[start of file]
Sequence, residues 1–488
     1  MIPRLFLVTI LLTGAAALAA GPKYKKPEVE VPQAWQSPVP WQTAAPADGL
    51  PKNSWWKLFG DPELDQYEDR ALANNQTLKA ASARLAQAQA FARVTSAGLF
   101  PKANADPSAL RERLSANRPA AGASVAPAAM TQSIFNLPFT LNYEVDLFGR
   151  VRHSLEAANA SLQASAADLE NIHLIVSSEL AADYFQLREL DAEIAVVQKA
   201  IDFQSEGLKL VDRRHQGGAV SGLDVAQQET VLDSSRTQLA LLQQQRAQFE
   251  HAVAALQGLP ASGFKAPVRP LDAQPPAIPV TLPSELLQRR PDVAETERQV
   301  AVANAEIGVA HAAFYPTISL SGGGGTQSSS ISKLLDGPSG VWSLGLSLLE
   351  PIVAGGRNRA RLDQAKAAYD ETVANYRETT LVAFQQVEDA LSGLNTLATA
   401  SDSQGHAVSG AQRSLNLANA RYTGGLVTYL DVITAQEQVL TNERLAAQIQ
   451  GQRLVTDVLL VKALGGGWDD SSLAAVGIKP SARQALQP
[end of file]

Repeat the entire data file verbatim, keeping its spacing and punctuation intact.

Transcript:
Sequence, residues 1–488
     1  MIPRLFLVTI LLTGAAALAA GPKYKKPEVE VPQAWQSPVP WQTAAPADGL
    51  PKNSWWKLFG DPELDQYEDR ALANNQTLKA ASARLAQAQA FARVTSAGLF
   101  PKANADPSAL RERLSANRPA AGASVAPAAM TQSIFNLPFT LNYEVDLFGR
   151  VRHSLEAANA SLQASAADLE NIHLIVSSEL AADYFQLREL DAEIAVVQKA
   201  IDFQSEGLKL VDRRHQGGAV SGLDVAQQET VLDSSRTQLA LLQQQRAQFE
   251  HAVAALQGLP ASGFKAPVRP LDAQPPAIPV TLPSELLQRR PDVAETERQV
   301  AVANAEIGVA HAAFYPTISL SGGGGTQSSS ISKLLDGPSG VWSLGLSLLE
   351  PIVAGGRNRA RLDQAKAAYD ETVANYRETT LVAFQQVEDA LSGLNTLATA
   401  SDSQGHAVSG AQRSLNLANA RYTGGLVTYL DVITAQEQVL TNERLAAQIQ
   451  GQRLVTDVLL VKALGGGWDD SSLAAVGIKP SARQALQP